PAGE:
- Learning by Doing - Faith Exploration - In order to prepare to be better informed citizens of the community and the world, University School students learn first hand about faiths by going to 3-4 houses of worship to explore and talk to adherents of that religion.
- Learning by Doing - Citizenship and Government - In order to prepare to be better informed citizens of the community and the world, University School students conduct exit polls across the Lowcountry and then make informed predictions based on their results. We explore elections and the democratic process, and this means hearing from different candidates, learning about different parties, and exploring issues of governance and civics. Exit polling is an annual endeavor at University School of the Lowcountry. This enables students to see firsthand the ebb and flow of turnout rates for the different types of elections because of the pattern of Congressional (and occasionally statewide and more) races in even-numbered years and municipal elections in odd-numbered years.
- Learning by Doing - Arts - Arts classes are designed for immersion in the multiple media and forms of expression, and they allow for each student to develop and gain confidence in his/her artistic ability. Classes are year-round on Friday afternoons. Students also learn and create art projects related to their studies in their classes, especially Global Languages and Humanities. USL also engages in collaborative opportunities in the arts with community partners like Redux Contemporary Art Studio, ArtBuzz Kids, The Artists' Loft, and other arts organizations. University School also regularly (4-5x per year) hosts cultural performance groups and shares these events with the greater community. For 2015-2016 we are hosting classical pianists Vladimir Pleshakov and Elena Winther for a concert, YALLFest author Brendan Reichs for a joint presentation with Meeting Street Academy, the Fabulous Chinese Acrobats for a show, and the Russian dance troupe Baryna for a performance. Several of our Learning Outside the Classroom experiences (field trips) are also arts-focused. For 2015-2016, this includes trips to Frank Lloyd Wright's Fallingwater in Pennsylvania and Auldbrass Plantation in Yemassee, South Carolina. Students will also attend a production of Hamlet at the Gaillard Center, "A Seat for Justice" about civil rights efforts in South Carolina in the 1950s at the Dock Street Theatre, and a retrospective of African American music ("Songs from the Soul") at the Gaillard Center.
- Learning by Doing - College and University Preparation - Our rich and individualized academic program and our hallmark Learning Outside the Classroom program help foster critical thinking, develop one's ability to flourish in a wide array of situations, and stoke creativity and seeing connections among disparate topics as one explores the world first-hand. Although students begin taking part in programs and explorations at the College of Charleston in 3rd Grade, we regularly expose our students to a wide range of colleges and universities, professors, disciplines, so they can make informed decisions based upon real world examination. For example, USL students have explored an array of activities at the following colleges and universities through field trips, courses, weeklong divisional trips, etc.: College of Charleston, The Citadel, Charleston Southern University, Trident Technical College, University of South Carolina Honors College, Georgia Tech, Tulane University, Emory University, Rice University, George Washington University, University of South Florida, Western Carolina University, The University of Texas-Austin, Savannah College of Art and Design, and The University of Virginia. Our Upper School students are guided by two counselors, each with a unique perspective. Roger Smith, our Director of College Counselor, has a long history as an independent school college counselor, and he meets with Upper School students regularly beginning in the 9th grade. Don Burkard, recently retired from the College of Charleston after a 30-year career as Dean of Students and Vice President of Enrollment Management. He helps guide our 11th/12th graders, and his insider perspective is key in helping our students to determine the best fits for the next step on their journey through life.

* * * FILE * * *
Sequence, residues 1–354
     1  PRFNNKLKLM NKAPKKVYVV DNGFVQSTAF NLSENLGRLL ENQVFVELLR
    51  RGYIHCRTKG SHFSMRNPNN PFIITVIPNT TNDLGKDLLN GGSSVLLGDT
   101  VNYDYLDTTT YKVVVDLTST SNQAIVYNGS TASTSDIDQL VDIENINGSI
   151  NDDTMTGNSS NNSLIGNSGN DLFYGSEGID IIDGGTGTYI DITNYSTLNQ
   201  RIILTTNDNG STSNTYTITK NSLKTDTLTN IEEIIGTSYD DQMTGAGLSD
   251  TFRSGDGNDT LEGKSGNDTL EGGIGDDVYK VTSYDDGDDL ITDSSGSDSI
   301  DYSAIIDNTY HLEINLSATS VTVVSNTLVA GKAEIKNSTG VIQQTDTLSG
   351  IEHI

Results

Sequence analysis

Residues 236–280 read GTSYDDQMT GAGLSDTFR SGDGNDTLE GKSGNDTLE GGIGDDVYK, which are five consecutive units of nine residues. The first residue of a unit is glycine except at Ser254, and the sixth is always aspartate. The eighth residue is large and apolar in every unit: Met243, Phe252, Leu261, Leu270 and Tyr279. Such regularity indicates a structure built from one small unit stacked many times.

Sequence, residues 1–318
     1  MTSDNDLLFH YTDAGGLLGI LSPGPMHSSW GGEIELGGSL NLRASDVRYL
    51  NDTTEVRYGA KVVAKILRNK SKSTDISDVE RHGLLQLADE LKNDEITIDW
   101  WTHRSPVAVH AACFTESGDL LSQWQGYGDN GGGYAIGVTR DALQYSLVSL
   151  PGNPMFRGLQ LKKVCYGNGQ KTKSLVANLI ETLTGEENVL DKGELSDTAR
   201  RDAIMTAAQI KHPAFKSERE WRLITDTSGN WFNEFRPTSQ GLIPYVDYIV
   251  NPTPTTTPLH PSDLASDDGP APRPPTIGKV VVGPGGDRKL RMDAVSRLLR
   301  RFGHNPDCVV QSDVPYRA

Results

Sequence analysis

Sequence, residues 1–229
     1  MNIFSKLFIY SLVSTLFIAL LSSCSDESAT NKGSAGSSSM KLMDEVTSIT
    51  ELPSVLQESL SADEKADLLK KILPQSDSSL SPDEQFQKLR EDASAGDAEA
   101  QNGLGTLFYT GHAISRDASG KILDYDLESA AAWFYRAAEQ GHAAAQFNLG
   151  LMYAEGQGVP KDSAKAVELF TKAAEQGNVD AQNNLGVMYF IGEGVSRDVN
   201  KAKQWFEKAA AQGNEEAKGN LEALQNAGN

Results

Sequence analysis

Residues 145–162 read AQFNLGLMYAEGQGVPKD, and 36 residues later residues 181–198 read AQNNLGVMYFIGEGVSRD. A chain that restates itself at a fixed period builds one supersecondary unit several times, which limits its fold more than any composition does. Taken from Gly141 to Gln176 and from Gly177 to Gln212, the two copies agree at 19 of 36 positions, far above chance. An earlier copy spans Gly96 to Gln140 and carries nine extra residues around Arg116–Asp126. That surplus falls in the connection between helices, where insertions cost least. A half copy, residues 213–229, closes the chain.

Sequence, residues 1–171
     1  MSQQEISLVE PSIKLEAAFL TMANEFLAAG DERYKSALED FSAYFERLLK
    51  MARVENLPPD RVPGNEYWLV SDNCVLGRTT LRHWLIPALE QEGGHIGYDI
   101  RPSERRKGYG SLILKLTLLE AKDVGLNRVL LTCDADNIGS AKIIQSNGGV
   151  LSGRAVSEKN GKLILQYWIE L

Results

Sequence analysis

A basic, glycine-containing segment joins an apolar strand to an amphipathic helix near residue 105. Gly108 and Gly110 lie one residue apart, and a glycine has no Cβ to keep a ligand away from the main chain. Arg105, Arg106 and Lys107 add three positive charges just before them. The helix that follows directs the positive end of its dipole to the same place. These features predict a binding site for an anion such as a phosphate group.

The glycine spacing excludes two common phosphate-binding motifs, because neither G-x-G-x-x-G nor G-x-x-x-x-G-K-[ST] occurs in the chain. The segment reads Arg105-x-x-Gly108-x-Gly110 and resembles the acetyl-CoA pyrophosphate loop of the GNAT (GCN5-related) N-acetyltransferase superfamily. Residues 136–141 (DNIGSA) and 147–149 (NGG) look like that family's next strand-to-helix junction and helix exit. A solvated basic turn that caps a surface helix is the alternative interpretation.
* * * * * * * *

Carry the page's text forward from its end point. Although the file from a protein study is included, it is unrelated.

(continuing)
- Learning by Doing - Topics related to the Military - Although the topic is the military, it really could be about any subject area that we explore at University School through our field trips. On our Middle School trip to Georgia in January 2015, we visited Fort Gordon near Augusta. It primarily houses Signal units -- dedicated to communication, military intelligence, and information management for the military. As is the case with all of the topics we explore, our Learning Outside the Classroom program allows our students to see and experience for themselves activities related to our military. Instead of just reading books or sending cards and packages to soldiers, we believe visiting 1-2 military installations / museums / National Park sites a year allows our service members to know that our school and students are interested in them and want to know more about what they do. Then our students can make up their own minds, with first-hand evidence, about subjects related to the experiences they have had -- science, military, historical, religious, political, etc. -- through our LOTC program. At Fort Gordon, students toured the base and the Signal Museum, learning the roots of the Signal Corps in the Civil War. What began with flag semaphore (communicating with flags) has now evolved to include cyber warfare (protecting America and fighting America's enemies electronically). We also met with the Installation Support Detachment's honor/color guard, and they taught each student how to fold the flag and how the colors are presented. It was a meaningful and rich experience! Since 2007, University School students have had the following experiences: US Army Fort Jackson graduation, Graduation at Marine Corp's Depot Parris Island (x2), D-Day Museum in New Orleans, SPAWAR and Joint Base Charleston, Fort James Jackson (Savannah), Marine Corps Air Station Beaufort, Castillo de San Marcos (St. Augustine), McEntire Joint S.C. National Guard Base (Eastover), Mighty Eighth Museum (Savannah), Patriots Point (x3), Fort Moultrie, S.C. Military Museum (Columbia), Fort Sumter (x3), Charleston Air Force Base (x3), Commemorative activities for the 150th anniversary of the start of the Civil War, Army's Pre-positioned Stocks Afloat (keeping equipment on ships across the world in case it is needed), Arlington National Cemetery, Tour of the USS Truxtun (DDG-103), The Tomb of the Unknown Soldier and all the major war memorials in D.C., National Park Service field expedition to Morris Island for a study of the Civil War battles raging around Fort Wagner, George Patton Waters - grandson of George Patton presentation, Maj. Gen. James Livingston, USMC, Medal of Honor recipient presentation, Alan Moskin - US WWII vet and concentration camp liberator presentation, Colonel Mac Radcliffe, USMC, (retired) presentation, Col. Scott Kindsvater, USAF, Commandant, U.S. Air Force Weapons School, Nellis AFB presentation, Lt. Col. Drew Schnyder, USAF, Flight Surgeon presentation.